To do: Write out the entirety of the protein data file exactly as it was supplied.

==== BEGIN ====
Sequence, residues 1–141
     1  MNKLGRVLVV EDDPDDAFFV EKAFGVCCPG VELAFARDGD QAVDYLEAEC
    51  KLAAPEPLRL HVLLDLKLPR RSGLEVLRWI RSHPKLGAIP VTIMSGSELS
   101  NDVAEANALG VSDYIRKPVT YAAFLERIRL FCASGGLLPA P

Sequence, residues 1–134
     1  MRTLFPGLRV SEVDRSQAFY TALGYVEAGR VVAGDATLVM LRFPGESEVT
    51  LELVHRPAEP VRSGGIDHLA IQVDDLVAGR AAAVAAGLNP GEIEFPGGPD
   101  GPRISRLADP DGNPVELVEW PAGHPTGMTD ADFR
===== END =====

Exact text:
Sequence, residues 1–141
     1  MNKLGRVLVV EDDPDDAFFV EKAFGVCCPG VELAFARDGD QAVDYLEAEC
    51  KLAAPEPLRL HVLLDLKLPR RSGLEVLRWI RSHPKLGAIP VTIMSGSELS
   101  NDVAEANALG VSDYIRKPVT YAAFLERIRL FCASGGLLPA P

Sequence, residues 1–134
     1  MRTLFPGLRV SEVDRSQAFY TALGYVEAGR VVAGDATLVM LRFPGESEVT
    51  LELVHRPAEP VRSGGIDHLA IQVDDLVAGR AAAVAAGLNP GEIEFPGGPD
   101  GPRISRLADP DGNPVELVEW PAGHPTGMTD ADFR